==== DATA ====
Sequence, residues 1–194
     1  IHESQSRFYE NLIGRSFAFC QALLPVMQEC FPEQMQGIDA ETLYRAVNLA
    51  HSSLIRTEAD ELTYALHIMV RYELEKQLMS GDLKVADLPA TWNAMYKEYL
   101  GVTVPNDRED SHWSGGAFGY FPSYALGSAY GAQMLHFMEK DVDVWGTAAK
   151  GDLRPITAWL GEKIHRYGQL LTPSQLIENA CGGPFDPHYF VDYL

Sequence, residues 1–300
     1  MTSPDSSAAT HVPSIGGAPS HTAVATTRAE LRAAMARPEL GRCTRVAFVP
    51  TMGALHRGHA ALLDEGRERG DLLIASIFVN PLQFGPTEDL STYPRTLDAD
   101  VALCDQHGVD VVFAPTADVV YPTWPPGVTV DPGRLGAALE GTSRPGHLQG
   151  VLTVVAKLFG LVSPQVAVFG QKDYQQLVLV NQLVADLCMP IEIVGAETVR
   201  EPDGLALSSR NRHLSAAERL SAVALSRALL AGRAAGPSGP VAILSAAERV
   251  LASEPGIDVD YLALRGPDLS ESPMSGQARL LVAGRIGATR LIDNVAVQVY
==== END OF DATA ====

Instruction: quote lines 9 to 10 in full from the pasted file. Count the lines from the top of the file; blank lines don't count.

   101  VALCDQHGVD VVFAPTADVV YPTWPPGVTV DPGRLGAALE GTSRPGHLQG
   151  VLTVVAKLFG LVSPQVAVFG QKDYQQLVLV NQLVADLCMP IEIVGAETVR